If you restricted CT lung cancer screening to patients at higher risk of lung cancer, could you save lives while reducing the harms of screening? That's the suggestion of a study published January 22 in JAMA Internal Medicine. But supporters of CT screening say the proposal has risks of its own -- such as missed cancers.
The new study offers another look at data from a CT lung screening demonstration project performed within the U.S. Veterans Affairs (VA) health system. The project saw a very high rate of false positives -- more than half of all patients -- leading researchers to investigate more-restrictive criteria for determining who should get scanned.
They discovered that the initial CT screens were least effective for patients in the lowest risk category and most effective for those with the highest risk of lung cancer. They suggested that the findings could shape how CT lung cancer screening programs are set up (JAMA Intern Med, January 22, 2018).
"These real-world findings reinforce the need to risk-stratify patients for lung cancer screening and provide support for personalized, risk-based harm-benefit estimates for all eligible persons during lung cancer screening decision-making," wrote first author Dr. Tanner Caverly from the University of Michigan and colleagues.
To screen or not to screen
The debate over the proper implementation of CT lung cancer screening has been ongoing. On the one hand, large-scale studies such as the National Lung Screening Trial (NLST) have shown that CT lung cancer screening reduces mortality by as much as 20%. In addition, the Continuous Observation of Smoking Subjects (COSMOS) trial demonstrated that the cumulative benefits of screening outweighed the potential threat of radiation exposure.
On the other hand, critics have raised the same questions about CT lung screening that have been raised about breast screening -- namely, that the benefits of screening should be weighed against potential harms such as false positives and radiation exposure. Other concerns include screening's added cost, low participation rate, and nuanced implementation, which could complicate matters further and continue to limit its real-world application.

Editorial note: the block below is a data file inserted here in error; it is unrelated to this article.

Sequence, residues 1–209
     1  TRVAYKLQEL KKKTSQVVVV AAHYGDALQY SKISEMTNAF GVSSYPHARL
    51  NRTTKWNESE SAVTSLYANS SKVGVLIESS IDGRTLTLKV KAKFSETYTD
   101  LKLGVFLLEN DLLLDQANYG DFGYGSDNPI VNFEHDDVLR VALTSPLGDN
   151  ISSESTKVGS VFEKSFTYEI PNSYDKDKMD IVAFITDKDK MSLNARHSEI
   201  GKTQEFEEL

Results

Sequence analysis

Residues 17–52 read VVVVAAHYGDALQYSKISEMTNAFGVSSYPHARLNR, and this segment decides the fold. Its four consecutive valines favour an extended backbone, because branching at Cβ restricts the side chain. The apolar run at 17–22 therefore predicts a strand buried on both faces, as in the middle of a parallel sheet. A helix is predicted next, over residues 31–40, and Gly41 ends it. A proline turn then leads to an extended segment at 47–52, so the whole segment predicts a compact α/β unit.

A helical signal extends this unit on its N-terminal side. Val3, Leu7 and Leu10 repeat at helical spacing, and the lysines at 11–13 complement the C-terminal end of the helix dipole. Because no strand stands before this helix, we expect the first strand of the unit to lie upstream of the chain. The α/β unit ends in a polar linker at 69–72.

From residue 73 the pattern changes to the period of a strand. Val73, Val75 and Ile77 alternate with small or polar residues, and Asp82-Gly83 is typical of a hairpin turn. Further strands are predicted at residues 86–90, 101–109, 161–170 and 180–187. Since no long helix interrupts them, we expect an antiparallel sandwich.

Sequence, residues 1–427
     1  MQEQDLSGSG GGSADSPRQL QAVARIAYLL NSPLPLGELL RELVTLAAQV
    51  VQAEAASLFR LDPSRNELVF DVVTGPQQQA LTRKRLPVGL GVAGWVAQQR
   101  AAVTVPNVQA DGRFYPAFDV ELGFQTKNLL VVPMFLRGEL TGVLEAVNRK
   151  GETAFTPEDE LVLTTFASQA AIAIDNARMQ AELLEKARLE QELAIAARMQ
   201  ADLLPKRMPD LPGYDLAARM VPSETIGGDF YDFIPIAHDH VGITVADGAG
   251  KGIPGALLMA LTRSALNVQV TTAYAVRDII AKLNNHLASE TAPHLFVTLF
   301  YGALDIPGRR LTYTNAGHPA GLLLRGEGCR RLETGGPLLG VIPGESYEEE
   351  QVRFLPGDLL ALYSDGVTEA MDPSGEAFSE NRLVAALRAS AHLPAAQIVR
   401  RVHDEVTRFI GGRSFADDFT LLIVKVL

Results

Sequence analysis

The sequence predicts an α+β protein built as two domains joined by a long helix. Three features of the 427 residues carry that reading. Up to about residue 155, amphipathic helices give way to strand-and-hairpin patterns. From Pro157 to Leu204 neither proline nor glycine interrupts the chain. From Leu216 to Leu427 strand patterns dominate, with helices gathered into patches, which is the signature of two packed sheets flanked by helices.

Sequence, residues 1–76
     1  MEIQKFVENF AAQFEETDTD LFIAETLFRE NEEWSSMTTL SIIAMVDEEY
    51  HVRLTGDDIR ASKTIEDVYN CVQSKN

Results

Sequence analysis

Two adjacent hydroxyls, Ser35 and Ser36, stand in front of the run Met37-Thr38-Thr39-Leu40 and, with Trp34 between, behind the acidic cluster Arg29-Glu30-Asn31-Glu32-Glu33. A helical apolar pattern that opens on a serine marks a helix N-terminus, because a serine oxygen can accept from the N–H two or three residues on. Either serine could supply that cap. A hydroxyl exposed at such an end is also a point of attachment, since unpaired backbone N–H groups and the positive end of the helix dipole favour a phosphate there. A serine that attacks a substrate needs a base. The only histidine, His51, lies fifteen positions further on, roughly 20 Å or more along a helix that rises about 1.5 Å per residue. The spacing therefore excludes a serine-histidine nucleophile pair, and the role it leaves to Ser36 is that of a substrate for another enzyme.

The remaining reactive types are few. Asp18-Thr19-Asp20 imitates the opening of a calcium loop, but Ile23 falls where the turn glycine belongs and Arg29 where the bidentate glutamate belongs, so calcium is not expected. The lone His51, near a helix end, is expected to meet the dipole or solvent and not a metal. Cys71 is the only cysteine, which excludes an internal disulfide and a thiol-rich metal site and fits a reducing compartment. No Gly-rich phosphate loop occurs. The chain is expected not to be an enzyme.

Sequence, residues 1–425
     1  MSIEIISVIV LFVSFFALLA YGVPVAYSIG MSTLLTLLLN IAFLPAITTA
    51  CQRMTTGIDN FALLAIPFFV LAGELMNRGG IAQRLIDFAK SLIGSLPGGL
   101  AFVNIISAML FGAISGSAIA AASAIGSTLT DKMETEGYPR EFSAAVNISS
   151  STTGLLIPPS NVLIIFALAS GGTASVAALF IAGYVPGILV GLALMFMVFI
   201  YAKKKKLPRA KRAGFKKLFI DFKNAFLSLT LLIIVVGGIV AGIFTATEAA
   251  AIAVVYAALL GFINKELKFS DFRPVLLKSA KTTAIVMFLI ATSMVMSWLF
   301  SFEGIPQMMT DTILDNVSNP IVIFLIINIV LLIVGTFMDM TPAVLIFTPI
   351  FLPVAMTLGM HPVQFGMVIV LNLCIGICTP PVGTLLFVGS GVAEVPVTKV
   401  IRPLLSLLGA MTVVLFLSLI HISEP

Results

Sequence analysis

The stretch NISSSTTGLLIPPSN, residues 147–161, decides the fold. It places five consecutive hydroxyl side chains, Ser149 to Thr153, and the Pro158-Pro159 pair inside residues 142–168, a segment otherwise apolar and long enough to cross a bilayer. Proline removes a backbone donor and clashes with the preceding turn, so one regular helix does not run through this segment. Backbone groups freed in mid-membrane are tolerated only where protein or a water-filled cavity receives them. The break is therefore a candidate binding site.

"As far as the U.S. national implementation of lung cancer screening goes, we are in our infancy," Dr. Ella Kazerooni, chair of the American College of Radiology's (ACR) Lung Cancer Screening Committee, told AuntMinnie.com in response to the current study. "The number of screening sites coming online is growing quickly, but we are a long way from a nationwide task of screening all those who are at risk."
Various proposals to boost the viability of lung cancer screening by researchers from around the world have emerged in recent years. Some have suggested that more-stringent screening criteria may improve cost-effectiveness. Also, researchers from Canada developed the Pan-Canadian Early Detection of Lung Cancer (PanCan) risk prediction model, which increased screening efficiency to a statistically significant degree compared with the current U.S. Preventive Services Task Force (USPSTF) recommendations. (The USPSTF screening guidelines are scheduled for an update in 2018.)
Risk stratification criteria
In this new research, Caverly and colleagues re-examined data from the VA CT lung cancer screening demonstration project to determine how the application of risk stratification criteria might influence screening. The original project included data from more than 2,000 patients who met the NLST criteria and underwent an initial screening with CT. Results from that study were published January 2017 in JAMA Internal Medicine, with one of the more surprising findings being a 57% false-positive rate.
With the new study, the researchers wanted to see if they could improve upon that performance. Instead of using NLST criteria, they performed a new data analysis in which patients were selected for screening based on the Bach model, which calculates the one-year cumulative risk of lung cancer based on a patient's age, sex, smoking status, years since quitting smoking, and average number of cigarettes smoked per day while smoking. Caverly and colleagues then calculated the absolute risk reduction in mortality of each patient using the 20% relative risk reduction reported in the NLST; they categorized the patients into five groups (quintiles) based on these values.
After analyzing these data, the researchers found that the patients in the higher quintiles, who had a higher risk of lung cancer, had more lung cancers diagnosed than those who had a lower risk of lung cancer.
|CT lung cancer screening in low- and high-risk patients
|Lower mortality risk (quintile 1)
|Higher mortality risk (quintile 5)
|No. of lung cancers diagnosed per 1,000 persons screened
|No. of lung cancer deaths predicted
|No. of lung cancer deaths prevented
|No. needed to screen per lung cancer death prevented
|Rate of false positives
|Rate of false positives requiring follow-up exams